Join us at the Yale Club in New York City on March 14 for the inaugural ATL Attorney@Blog conference. Featuring opening remarks by preeminent First Amendment lawyer Floyd Abrams of Cahill Gordon & Reindel, Attorney@Blog will be a first-of-its-kind convocation of the leading legal bloggers. Panelists will include Tim Wu of Columbia Law School, Karen Sloan of the National Law Journal, Kyle McEntee of Law School Transparency, Kevin O’Keefe of LexBlog, Vivia Chen of The Careerist, and many more.

Still in search of those hard-to-find and desperately needed ethics credits? We’ve got a solution for you: CLE credit will be available at the conference, complimentary with your admission. We will be offering up to SIX ETHICS CREDITS, courtesy of Marino Legal, for our first three panels. Attendees will have to check in with the company before and after each panel to confirm their attendance. Has anything ever been easier?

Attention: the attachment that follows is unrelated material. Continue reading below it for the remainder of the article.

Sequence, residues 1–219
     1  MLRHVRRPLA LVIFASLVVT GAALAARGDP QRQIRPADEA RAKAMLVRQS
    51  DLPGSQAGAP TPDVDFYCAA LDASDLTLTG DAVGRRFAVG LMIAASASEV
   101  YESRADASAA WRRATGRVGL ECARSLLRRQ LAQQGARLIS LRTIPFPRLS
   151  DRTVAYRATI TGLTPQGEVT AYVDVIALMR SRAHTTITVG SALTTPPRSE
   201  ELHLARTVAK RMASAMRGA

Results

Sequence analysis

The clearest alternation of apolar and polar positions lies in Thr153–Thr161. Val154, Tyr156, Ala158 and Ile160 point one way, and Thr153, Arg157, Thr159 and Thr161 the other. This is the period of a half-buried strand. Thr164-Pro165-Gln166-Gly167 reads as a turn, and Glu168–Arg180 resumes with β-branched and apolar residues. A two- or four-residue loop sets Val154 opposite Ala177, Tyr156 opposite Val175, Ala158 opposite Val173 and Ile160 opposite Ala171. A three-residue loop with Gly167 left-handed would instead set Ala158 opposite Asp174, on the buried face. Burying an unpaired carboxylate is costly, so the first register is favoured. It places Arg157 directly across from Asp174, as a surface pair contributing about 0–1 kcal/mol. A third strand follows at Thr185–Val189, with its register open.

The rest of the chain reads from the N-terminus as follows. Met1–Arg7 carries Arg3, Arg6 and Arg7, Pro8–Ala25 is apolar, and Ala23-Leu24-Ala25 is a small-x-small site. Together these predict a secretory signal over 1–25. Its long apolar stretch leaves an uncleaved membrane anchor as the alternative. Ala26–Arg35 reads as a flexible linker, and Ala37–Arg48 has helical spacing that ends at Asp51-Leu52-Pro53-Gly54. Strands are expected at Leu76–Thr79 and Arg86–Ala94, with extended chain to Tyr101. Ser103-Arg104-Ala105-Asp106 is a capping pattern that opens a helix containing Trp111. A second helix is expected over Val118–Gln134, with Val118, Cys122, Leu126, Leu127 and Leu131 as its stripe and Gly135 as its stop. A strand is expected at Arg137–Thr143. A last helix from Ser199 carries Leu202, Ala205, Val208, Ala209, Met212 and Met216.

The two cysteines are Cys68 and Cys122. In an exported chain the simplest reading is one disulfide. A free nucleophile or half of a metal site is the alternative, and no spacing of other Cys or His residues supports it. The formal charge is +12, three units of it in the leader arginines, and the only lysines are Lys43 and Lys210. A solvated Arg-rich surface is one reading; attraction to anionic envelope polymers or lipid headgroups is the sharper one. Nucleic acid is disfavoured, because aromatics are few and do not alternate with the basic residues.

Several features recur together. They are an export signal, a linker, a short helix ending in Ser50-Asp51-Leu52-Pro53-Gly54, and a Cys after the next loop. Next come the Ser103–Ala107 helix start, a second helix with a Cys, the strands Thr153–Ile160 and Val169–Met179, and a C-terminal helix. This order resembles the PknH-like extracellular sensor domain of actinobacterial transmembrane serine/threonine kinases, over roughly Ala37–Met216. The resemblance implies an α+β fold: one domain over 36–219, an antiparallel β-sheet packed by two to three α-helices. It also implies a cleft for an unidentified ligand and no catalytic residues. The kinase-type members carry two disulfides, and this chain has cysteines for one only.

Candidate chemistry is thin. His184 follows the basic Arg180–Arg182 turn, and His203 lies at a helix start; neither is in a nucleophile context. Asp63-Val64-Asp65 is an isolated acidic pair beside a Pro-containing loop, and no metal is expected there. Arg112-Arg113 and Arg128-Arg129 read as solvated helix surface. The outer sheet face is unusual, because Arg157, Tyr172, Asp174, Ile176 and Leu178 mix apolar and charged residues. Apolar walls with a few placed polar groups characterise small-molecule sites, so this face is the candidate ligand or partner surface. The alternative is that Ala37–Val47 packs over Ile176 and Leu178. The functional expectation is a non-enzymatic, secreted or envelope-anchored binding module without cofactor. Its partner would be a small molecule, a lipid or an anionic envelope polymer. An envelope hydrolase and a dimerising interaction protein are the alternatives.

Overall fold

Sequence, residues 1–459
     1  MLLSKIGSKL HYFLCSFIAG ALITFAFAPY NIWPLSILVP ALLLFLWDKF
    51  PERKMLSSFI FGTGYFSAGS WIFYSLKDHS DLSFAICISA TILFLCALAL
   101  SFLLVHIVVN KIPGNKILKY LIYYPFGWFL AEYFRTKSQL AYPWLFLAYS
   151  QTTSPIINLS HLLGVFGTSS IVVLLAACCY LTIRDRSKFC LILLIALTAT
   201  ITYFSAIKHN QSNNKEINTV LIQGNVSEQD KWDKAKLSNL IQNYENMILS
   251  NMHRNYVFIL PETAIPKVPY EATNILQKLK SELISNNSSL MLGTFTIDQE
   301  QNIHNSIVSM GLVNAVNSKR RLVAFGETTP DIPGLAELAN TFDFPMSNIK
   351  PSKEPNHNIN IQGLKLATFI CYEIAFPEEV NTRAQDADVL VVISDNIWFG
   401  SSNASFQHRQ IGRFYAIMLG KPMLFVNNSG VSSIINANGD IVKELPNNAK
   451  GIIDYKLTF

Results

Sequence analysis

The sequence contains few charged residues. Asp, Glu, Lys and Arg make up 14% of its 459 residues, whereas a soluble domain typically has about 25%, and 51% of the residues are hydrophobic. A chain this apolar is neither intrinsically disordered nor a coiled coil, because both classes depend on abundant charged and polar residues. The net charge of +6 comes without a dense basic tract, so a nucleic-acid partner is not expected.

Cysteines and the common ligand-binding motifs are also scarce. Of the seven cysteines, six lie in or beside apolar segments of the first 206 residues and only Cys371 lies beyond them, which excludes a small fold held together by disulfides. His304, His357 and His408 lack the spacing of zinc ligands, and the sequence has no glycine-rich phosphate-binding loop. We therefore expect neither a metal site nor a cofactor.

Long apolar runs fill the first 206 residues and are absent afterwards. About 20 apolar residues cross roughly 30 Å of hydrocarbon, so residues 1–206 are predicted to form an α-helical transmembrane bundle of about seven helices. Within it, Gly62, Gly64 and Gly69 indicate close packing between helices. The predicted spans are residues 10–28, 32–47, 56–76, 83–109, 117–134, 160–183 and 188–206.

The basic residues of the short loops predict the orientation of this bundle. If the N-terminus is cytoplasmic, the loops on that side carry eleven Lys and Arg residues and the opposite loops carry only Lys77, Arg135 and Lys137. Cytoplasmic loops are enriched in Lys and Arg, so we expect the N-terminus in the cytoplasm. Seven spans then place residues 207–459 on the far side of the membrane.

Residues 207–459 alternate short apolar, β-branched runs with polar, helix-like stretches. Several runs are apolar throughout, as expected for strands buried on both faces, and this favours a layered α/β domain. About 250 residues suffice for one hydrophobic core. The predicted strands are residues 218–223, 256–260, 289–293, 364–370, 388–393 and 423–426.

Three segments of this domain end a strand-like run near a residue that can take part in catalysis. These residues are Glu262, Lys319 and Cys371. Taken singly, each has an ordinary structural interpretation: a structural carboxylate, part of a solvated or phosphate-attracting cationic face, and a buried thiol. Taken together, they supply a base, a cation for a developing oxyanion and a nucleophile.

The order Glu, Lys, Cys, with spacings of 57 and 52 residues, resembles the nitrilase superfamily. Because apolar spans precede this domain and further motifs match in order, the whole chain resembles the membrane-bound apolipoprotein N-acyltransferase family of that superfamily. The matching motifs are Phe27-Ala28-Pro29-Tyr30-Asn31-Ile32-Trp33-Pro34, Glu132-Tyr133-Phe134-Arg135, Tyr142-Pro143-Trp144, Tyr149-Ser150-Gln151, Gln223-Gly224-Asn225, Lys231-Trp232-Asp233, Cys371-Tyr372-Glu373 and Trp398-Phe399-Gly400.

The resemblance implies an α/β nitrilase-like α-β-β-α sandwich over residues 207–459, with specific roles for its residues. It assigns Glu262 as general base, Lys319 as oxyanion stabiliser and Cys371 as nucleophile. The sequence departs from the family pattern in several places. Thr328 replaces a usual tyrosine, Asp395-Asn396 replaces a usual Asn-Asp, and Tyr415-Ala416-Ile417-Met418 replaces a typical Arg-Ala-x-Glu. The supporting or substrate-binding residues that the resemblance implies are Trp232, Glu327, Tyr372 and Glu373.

Click here for more details and to buy tickets. We’ve extended early-bird pricing until February 15th, just so you can come and get your FREE CLE credits. Hurry up and get your tickets before it’s too late!

Attorney@Blog Panels:

Free Speech Online
Moderator: David Lat
This panel will discuss emerging free speech issues in addition to practical advice on how to avoid violating libel statutes and other related legal pitfalls.

The Trolls: Confronting (or Ignoring) Racism and Sexism
Moderator: Staci Zaretsky
This panel will explore the various strategies and best practices (along with their intellectual underpinnings) available to legal bloggers in managing the dark side of the internet: the “trolls” who engage in offensive and hateful (albeit protected) speech.

Blogs as Agents of Change
Moderator: Elie Mystal
This session will explore the degree to which blogs and bloggers are a by-product or prime mover behind the way in which the profession is being forced to challenge some of its basic assumptions.

Emerging Technical Trends & Best Practices
Moderator: Joe Patrice
This panel will explore the intersection of technology and the law, including the use of social media for business development, as well as practical tips on content strategy, SEO, blogging platforms, and other topics.

Attorney@Blog Conference [Above the Law]

In last week’s column, I drew some customer service lessons for lawyers from the way that Disney treats visitors to its theme parks. This week, I want to focus on how Disney incorporates technological advances into its theme parks as a means of enhancing the customer experience.